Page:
4. These general or common law rights may be restricted by Statute: in this instance by the Bombay District Police Act. But the restrictions imposed must, it is manifest, be justified by the Act The question, therefore, is whether the Government Resolution, which 1 have quoted, is justified under the District Police Act. For, it is admitted by the learned Advocate-General that the Resolution is not to be saved by reference to Section 144 of the Criminal Procedure Code read with Section 38 of the District Police Act. The learned District Judge, commenting upon the terms of the Resolution, observes that the-order is not drafted with legal precision and does not suggest that legal advice was taken The want of precision to which the Judge here alluded adds some difficulty to our task. But the question is, whether, without pressing technicalities, the substantial requirements of the District Police Act have been complied with. In my opinion, the answer is in the negative. The authority issuing the order ascribes it to Section 44, sub-Section 1. That ascription, however, is, I think I may say, obviously a mistake. For whereas the Resolution under notice purports to prohibit this Vyasantol procession, Section 44 (1) deals not with the prohibition of religious ceremonials, but with the maintaining of public order at religious ceremonials which are not prohibited. That notwithstanding, the Resolution may, of course, still be valid if it can be attributed to powers vested in the Government by any other Sections of the Act, and the only Section to which recourse has been had for this purpose is Section 42. That Section also, in my opinion, fails to serve the turn of the respondents, Fur, in the first place, the authority empowered under Section 42 is not the Government, but the local Magistrate of the District, and the words 'whenever and for such time as it shall appear necessary' appear to me in the context to mean 'appear necessary to that Magistrate.' It was suggested that the powers thus vested in the District Magistrate might be capable of legal exercise by the Government by reason of the provisions of Section 50 read with Section 13, sub-Section 2, of the Act. It is not at present necessary to pronounce upon this argument, and I will only say that I am doubtful whether it should be conceded. Assuming, however, that the argument is sound, it goes no further than this that the present orders, though issued by Government, have the same validity as if they had been issued by the District Magistrate. The question, therefore, is whether these orders, if issued by the District Magistrate, would be lawful orders under Section 42. I think they would not. For Section 42 enables the Magistrate to issue these orders only whenever and for such time as it shall appear necessary and the orders are to operate only in such town or village or the vicinity thereof as may be directed; in other words, the powers of prohibition conferred upon the Magistrate are by the Statute expressly limited both in time and in place, the limitation of place being to a particular town or village or the vicinity thereof. This particular order, as I understand it, is to operate for all time, and instead of being limited to any town or village or the vicinity thereof is to prevail throughout the whole of the Belgaum District.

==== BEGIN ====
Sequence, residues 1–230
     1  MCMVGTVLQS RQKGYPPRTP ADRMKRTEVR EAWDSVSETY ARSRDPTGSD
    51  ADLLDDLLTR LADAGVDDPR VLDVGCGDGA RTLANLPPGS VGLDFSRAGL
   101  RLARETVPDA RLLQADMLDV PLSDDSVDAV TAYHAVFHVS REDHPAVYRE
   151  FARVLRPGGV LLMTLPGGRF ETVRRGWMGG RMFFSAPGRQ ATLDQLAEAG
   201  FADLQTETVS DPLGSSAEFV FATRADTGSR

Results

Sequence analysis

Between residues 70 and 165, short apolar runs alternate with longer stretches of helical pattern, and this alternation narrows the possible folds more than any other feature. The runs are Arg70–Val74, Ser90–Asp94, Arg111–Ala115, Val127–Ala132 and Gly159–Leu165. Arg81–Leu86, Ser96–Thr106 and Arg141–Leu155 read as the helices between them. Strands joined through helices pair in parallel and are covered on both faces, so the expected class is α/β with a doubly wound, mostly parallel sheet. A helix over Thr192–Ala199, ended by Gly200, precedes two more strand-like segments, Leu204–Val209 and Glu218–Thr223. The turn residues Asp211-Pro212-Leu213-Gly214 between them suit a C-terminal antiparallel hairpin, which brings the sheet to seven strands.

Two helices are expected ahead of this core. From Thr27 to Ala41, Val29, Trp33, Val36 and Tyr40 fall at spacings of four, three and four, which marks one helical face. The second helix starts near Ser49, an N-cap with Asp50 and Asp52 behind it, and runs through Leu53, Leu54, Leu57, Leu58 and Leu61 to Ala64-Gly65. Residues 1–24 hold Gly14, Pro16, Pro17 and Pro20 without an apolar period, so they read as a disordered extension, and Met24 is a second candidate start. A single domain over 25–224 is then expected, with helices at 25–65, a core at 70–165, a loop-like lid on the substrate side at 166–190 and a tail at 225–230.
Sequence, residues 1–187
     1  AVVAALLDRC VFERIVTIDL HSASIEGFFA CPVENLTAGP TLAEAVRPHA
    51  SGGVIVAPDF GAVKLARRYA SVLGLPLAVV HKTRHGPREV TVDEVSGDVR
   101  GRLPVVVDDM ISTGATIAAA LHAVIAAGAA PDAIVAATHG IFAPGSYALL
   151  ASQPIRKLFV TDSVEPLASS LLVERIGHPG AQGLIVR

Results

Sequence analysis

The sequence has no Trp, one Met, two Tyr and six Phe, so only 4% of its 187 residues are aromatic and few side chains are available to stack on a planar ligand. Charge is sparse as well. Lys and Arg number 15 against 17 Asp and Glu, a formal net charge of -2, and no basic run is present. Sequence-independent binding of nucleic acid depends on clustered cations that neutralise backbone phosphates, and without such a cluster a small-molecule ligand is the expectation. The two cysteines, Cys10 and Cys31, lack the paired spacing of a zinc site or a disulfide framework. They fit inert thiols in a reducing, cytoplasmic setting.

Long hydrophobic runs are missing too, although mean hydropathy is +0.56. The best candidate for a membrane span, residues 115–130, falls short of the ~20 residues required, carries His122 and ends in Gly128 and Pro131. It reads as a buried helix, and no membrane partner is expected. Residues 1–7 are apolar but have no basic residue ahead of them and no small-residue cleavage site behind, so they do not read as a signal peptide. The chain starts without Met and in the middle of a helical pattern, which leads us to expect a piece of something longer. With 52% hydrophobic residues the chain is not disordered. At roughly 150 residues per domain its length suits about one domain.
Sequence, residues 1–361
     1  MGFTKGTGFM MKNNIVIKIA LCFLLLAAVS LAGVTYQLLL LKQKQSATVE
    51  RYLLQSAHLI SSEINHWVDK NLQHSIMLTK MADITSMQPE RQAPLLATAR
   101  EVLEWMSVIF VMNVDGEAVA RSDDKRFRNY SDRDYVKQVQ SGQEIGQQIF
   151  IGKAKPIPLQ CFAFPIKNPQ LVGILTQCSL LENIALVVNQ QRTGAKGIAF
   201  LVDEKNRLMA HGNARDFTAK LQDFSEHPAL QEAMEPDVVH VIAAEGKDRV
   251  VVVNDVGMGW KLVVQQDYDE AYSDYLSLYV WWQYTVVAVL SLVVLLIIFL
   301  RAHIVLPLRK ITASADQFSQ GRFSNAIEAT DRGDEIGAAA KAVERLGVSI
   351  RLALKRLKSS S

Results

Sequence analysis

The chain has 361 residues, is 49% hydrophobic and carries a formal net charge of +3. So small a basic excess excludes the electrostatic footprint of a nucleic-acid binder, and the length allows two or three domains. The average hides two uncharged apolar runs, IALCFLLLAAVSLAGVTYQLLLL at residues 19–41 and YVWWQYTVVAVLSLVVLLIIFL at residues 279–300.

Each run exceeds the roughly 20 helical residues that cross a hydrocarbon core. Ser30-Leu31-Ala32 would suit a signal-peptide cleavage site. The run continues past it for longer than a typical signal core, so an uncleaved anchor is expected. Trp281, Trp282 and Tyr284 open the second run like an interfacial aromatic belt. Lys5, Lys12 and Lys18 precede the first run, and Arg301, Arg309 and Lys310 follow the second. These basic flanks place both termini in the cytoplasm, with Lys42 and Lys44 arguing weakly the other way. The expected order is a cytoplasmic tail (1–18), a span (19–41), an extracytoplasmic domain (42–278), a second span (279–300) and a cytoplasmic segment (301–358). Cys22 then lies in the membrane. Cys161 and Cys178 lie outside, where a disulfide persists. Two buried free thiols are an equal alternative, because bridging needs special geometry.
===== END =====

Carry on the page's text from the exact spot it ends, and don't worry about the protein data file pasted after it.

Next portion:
5. On these grounds, therefore, I think that the Resolution in question 13 beyond the powers conferred by the Act.
6. The learned Advocate-General, as a last effort to sustan the Resolution, suggested that it might be upheld if it were regarded as being nugatory. I am unable, however, to read it in that sense. From what I have already said, it is manifest that we must attend not so much to the words as to the plain meaning of this Resolution, and of the meaning of it I have not been able to entertain any doubt. As I read the Resolution, its meaning and effect is, and was intended to be, the prohibition of the Vyasantol procession throughout the Belgaum District for all time.
7. For the reasons which I have given I am of opinion that no such orders could lawfully be issued under the Bombay District Police Act Therefore, the point upon which the judgment of the Court below has gone against the appellants must now be decided in their favour; the decree of the District Judge must be reversed and the suit must be remanded to his Court to be heard and decided on the other issues.
8. Costs to be costs in the suit.
9. This appeal arises out of a suit brought by the Lingayat plaintiffs in the District Court of Belgaum for a declaration that the Lingayats have a right to exhibit Vyasantol, their religious symbol, in procession on religious and other occasions, and that the Government Resolution No. 2658 (Judicial Department) of the 6th May 1911 is illegal and ultra vires in so far as it forbids the exhibition of the symbol entirely for all, time and throughout the District. Among other things, it was urged by way of defence that the validity of the Government Resolution could not be questioned in a Civil Court. The material issues were decided by the lower Court against the plaintiffs, principally on the ground that the Government Resolution was within the powers conferred by the District Police Act (Bom. Act IV of 1890) on the Government, and that its validity could not be questioned in a Civil Court except so far a Section 81 of the Act permitted it. The result was that the plaintiffs' suit was dismissed with costs.